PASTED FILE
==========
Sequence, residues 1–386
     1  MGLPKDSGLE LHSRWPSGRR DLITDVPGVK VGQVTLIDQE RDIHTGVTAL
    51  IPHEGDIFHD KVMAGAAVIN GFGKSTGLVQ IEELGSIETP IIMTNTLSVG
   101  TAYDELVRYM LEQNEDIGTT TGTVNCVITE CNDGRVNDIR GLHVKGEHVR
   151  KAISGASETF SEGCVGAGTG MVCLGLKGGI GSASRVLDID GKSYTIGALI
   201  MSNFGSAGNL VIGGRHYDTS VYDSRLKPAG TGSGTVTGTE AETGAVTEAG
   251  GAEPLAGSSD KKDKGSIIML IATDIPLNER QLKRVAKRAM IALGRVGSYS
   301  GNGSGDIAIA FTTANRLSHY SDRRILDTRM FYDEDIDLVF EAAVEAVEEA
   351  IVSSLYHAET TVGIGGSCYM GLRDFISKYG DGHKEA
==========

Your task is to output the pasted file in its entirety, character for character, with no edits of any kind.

Sequence, residues 1–386
     1  MGLPKDSGLE LHSRWPSGRR DLITDVPGVK VGQVTLIDQE RDIHTGVTAL
    51  IPHEGDIFHD KVMAGAAVIN GFGKSTGLVQ IEELGSIETP IIMTNTLSVG
   101  TAYDELVRYM LEQNEDIGTT TGTVNCVITE CNDGRVNDIR GLHVKGEHVR
   151  KAISGASETF SEGCVGAGTG MVCLGLKGGI GSASRVLDID GKSYTIGALI
   201  MSNFGSAGNL VIGGRHYDTS VYDSRLKPAG TGSGTVTGTE AETGAVTEAG
   251  GAEPLAGSSD KKDKGSIIML IATDIPLNER QLKRVAKRAM IALGRVGSYS
   301  GNGSGDIAIA FTTANRLSHY SDRRILDTRM FYDEDIDLVF EAAVEAVEEA
   351  IVSSLYHAET TVGIGGSCYM GLRDFISKYG DGHKEA